Diplazium pycnocarpon (Spreng.) Broun
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Basis for Listing
This woodland fern reaches the northwestern limit of its range in Minnesota, where it is confined to wooded bluffs in deep stream valleys of the southeastern corner of the state. Surveys have found Diplazium pycnocarpon absent from large areas of apparently suitable habitat. Most populations tend to be isolated from each other and in fragile habitats that are vulnerable to damage. Diplazium pycnocarpon was originally listed as a special concern species in Minnesota in 1984, but given its rarity and threats to its habitat, it was reclassified as threatened in 1996.
Diplazium pycnocarpon has creeping rhizomes (subterranean stems) with brown entire scales. The blade is oblong-lanceolate, 1-pinnate, with 20-30 pair of pinnae reduced in size toward the end of the blade. Pinnae are linear, nearly entire to shallowly crenulate, with 1-2 forked veins nearly reaching the sinuses. Sori are usually singular, elongate, and straight (Gleason and Cronquist 1991; Kato 1993).
Diplazium pycnocarpon occurs on north- and northeast-facing wooded bluffs, often near the base of the slope in rich organic loam near a creek, stream, or seepage spring. In maple-basswood forests, D. pycnocarpon is commonly associated with such notable ferns as Deparia acrostichoides (formerly Athyrium thelypterioides; silvery spleenwort), Dryopteris goldiana (Goldies's fern), and other rare plants. Although Diplazium pycnocarpon is a very rare species, and most populations consist of few individuals, some populations may comprise 100 or more individual plants.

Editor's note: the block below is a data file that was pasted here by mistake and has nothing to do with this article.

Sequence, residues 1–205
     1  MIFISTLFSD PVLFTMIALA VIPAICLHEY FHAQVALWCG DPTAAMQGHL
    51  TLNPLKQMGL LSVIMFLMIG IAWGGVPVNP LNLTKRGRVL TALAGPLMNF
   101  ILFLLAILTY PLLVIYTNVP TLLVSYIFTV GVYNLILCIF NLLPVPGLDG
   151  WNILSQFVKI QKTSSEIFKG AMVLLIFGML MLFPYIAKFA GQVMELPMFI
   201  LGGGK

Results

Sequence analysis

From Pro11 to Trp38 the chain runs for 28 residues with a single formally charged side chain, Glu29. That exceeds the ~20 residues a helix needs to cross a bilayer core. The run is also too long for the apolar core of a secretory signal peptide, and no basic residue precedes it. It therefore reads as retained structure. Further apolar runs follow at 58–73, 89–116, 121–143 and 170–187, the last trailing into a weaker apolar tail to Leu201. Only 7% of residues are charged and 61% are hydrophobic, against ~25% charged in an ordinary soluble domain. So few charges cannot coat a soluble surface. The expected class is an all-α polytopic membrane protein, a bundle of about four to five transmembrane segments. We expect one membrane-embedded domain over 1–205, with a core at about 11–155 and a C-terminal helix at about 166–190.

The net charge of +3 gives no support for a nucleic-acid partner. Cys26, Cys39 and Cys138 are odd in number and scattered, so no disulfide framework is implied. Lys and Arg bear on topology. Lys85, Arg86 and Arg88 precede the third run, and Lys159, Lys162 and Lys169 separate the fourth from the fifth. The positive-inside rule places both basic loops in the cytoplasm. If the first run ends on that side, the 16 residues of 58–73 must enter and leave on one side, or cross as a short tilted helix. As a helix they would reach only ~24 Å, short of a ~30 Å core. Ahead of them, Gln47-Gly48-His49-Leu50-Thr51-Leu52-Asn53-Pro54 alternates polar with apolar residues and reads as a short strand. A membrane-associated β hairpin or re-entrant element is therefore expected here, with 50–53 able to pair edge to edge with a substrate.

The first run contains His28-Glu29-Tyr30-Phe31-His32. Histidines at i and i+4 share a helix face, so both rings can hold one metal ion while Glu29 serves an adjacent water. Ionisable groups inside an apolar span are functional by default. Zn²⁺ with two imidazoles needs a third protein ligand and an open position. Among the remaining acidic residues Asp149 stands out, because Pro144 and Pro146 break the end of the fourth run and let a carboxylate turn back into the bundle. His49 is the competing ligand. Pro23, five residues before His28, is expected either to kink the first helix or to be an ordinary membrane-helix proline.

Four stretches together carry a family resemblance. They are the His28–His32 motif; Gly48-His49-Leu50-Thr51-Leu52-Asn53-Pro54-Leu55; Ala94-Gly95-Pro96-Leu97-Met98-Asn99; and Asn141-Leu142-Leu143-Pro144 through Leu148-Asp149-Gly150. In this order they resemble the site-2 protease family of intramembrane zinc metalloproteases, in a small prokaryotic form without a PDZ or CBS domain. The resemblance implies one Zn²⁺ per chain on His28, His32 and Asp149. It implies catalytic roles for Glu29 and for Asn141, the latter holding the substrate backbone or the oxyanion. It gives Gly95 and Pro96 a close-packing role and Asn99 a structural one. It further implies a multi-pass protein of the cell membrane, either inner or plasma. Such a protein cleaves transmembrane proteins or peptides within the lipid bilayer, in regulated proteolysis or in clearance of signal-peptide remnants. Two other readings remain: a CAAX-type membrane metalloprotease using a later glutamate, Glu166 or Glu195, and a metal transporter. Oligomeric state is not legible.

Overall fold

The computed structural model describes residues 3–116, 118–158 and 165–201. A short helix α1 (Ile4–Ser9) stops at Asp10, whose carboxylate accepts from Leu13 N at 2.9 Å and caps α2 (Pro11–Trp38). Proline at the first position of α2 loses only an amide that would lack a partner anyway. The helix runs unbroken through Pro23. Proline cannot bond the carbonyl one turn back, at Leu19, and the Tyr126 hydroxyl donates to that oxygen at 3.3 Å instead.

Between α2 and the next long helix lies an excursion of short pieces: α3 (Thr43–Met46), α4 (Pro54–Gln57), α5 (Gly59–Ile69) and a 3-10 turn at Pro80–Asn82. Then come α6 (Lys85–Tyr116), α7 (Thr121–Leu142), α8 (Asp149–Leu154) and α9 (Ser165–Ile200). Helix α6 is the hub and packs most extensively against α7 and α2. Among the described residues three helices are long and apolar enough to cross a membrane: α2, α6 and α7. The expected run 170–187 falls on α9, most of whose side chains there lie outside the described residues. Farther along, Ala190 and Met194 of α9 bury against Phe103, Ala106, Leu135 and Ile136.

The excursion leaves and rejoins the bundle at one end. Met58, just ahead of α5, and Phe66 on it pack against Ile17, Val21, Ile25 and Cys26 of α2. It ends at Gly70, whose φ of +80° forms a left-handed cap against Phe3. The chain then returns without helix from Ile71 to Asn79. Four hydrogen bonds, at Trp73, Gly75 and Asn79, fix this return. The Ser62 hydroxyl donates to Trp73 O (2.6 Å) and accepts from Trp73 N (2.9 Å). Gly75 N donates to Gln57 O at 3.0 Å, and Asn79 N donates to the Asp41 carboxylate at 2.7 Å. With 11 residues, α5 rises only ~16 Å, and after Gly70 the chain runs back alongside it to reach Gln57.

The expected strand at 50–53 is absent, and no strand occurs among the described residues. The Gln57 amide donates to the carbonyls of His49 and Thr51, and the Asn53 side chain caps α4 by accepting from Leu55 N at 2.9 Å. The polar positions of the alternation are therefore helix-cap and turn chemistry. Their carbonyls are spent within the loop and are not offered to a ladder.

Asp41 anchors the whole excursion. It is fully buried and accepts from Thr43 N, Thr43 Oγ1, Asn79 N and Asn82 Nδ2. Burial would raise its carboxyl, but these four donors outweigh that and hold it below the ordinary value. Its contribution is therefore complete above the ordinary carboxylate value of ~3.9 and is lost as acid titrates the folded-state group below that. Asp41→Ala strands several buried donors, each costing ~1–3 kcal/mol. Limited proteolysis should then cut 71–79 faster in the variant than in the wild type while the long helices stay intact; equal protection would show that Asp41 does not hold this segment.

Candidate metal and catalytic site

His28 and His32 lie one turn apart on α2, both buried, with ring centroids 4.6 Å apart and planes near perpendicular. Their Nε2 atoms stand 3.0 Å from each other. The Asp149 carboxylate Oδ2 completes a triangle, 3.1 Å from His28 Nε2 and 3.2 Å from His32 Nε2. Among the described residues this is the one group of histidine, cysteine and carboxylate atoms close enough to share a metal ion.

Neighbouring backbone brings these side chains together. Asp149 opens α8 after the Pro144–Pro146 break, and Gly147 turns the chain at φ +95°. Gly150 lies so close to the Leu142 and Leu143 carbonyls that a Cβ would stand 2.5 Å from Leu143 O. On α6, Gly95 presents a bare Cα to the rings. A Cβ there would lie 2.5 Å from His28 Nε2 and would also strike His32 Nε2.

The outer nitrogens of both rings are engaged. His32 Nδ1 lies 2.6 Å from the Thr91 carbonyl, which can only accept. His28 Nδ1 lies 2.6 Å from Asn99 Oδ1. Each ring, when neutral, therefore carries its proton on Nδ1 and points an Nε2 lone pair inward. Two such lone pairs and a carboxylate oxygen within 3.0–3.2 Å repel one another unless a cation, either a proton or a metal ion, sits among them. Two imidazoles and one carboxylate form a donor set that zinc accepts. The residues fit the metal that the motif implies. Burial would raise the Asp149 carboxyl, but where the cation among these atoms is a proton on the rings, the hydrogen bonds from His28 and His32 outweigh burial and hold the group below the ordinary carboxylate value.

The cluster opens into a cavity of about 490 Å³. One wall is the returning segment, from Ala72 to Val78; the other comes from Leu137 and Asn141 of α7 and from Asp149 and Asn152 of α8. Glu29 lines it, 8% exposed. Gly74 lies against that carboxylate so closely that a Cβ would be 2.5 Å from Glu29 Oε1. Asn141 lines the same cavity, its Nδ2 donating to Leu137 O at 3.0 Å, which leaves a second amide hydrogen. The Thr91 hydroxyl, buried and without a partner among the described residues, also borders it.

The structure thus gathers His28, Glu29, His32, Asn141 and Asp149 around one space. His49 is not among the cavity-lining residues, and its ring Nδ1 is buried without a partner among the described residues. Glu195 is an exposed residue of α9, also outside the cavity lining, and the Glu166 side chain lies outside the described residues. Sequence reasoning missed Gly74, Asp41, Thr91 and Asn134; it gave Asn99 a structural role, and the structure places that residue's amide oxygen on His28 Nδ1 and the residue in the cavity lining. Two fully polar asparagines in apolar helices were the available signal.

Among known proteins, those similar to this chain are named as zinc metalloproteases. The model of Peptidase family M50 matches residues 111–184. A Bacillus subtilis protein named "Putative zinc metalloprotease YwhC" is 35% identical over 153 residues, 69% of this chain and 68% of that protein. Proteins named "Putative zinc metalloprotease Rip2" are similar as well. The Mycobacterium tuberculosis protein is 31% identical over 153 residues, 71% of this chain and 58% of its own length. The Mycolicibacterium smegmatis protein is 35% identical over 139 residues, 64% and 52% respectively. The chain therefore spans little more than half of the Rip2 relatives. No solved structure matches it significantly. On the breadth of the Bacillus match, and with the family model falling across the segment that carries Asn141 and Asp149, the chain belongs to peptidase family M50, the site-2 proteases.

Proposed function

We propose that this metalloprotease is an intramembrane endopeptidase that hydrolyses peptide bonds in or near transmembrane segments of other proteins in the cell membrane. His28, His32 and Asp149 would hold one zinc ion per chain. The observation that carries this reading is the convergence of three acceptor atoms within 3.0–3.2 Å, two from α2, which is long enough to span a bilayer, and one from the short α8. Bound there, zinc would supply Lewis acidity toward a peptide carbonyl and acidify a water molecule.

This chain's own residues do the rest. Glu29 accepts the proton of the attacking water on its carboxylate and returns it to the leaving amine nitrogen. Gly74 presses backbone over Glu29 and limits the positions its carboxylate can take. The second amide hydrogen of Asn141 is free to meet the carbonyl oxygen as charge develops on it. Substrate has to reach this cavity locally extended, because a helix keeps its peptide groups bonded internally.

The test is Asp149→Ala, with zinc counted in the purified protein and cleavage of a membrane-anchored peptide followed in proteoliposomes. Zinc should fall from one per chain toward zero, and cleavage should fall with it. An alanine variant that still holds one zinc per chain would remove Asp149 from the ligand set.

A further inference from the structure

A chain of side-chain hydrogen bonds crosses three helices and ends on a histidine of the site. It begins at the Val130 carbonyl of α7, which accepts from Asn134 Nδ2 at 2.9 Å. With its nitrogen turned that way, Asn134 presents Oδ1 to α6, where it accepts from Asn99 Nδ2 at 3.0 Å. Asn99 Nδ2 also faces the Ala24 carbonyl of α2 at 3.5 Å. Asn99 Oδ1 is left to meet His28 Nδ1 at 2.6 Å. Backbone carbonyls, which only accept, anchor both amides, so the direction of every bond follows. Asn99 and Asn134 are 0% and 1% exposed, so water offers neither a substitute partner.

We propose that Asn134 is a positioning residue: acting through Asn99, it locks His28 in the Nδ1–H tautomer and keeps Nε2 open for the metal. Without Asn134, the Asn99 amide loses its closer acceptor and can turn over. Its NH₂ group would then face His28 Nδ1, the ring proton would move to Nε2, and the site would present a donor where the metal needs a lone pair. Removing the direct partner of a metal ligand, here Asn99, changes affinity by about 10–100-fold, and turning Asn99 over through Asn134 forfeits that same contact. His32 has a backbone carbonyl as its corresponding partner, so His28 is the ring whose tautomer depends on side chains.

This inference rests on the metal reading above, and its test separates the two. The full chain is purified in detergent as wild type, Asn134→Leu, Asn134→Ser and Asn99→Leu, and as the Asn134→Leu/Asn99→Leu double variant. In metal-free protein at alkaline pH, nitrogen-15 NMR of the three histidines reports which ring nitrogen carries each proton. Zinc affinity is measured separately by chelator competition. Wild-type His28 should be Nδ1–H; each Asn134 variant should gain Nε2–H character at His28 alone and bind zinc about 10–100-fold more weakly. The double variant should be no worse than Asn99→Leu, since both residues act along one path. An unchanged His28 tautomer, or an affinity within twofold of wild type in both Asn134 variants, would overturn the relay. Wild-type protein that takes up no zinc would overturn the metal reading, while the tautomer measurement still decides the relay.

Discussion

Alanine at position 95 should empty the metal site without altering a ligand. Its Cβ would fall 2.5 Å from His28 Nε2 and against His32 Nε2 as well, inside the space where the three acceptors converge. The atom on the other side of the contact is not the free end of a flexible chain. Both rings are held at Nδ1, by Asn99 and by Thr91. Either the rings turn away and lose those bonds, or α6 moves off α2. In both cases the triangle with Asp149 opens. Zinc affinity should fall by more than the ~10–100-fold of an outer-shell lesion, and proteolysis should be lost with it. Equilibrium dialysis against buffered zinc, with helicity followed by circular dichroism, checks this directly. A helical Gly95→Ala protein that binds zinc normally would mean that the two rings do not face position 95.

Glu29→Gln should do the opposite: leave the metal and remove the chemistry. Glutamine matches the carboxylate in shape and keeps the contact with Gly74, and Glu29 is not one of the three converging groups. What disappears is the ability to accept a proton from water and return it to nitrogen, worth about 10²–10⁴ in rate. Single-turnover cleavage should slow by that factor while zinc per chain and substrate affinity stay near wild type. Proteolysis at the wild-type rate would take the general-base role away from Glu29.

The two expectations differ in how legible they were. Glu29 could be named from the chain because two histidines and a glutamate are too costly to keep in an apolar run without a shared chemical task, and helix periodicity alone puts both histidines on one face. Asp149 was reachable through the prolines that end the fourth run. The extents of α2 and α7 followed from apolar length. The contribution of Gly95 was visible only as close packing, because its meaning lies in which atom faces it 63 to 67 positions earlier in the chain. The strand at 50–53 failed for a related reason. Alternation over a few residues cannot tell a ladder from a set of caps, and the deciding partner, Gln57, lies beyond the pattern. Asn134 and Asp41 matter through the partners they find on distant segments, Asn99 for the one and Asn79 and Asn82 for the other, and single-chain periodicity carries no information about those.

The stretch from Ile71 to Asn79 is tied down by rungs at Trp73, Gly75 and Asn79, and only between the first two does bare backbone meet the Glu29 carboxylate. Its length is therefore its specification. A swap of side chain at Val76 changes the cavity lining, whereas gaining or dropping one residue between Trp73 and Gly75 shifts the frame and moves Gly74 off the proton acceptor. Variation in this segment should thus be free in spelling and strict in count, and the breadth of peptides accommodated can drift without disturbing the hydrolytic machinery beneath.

Biology / Life History
Sterile fronds emerge in mid- to late May in Minnesota, later than many of the herbaceous species in its habitat. The plant sends up several fronds from the rhizome to form a clump. Fertile fronds are produced in mid-summer. These are often somewhat longer than the sterile fronds, standing up to 1 m (39.4 in.) or more in height. Diplazium pycnocarpon has been placed by some experts in the family Aspleniaceae (Gleason and Cronquist 1991; Kato 1993).
Conservation / Management
Diplazium pycnocarpon seems to be absent from large areas of apparently suitable habitat. Because it is distinctive and conspicuous, it is unlikely that surveys in occupied habitat would have failed to find it. Known occurrences are limited to fragile habitats in deep stream valleys in the Paleozoic Plateau or "driftless area." Diplazium pycnocarpon was probably not common even at the time of human settlement, and habitat changes since human settlement have likely reduced its populations. At the present time, the best way to preserve this rare species is to maintain and protect the forest habitat where it occurs. Special consideration should be given in forest management, as even selective logging could potentially alter the habitat if canopy openings increased light and temperature conditions on the forest floor. This would tend to dry and warm the soil, which could disrupt competitive relationships of plants and shift species composition. Any land uses employing heavy machinery may potentially damage the soil, especially on slopes. Livestock grazing could also degrade D. pycnocarpon habitats and directly injure plants.
Conservation Efforts in Minnesota
Several D. pycnocarpon populations occur in State Parks where they are protected from most threats. Other populations are in State Forests and Wildlife Management Areas, where resource management plans should incorporate habitat protection needs for this species.
Gleason, H. A., and A. Cronquist. 1991. Manual of vascular plants of northeastern United States and adjacent Canada. Second Edition. New York Botanical Garden, Bronx, New York. 910 pp.
Kato, M. 1993. Diplazium. Pages 252-253 in Flora of North America Editorial Committee, editors. Flora of North America north of Mexico. Volume 2. Oxford University Press, New York, New York.
Ownbey, G. B., and T. Morley. 1991. Vascular plants of Minnesota: a checklist and atlas. University of Minnesota Press, Minneapolis, Minnesota. 320 pp.
Peck, J. H. 1982. Ferns and fern allies of the driftless area of Illinois, Iowa, Minnesota, and Wisconsin. Milwaukee Public Museum Press, Contributions in Biology and Geology Book 53, Milwaukee, Wisconsin. 140 pp.
Tryon, R. 1980. Ferns of Minnesota. University of Minnesota Press, Minneapolis, Minnesota. 165 pp.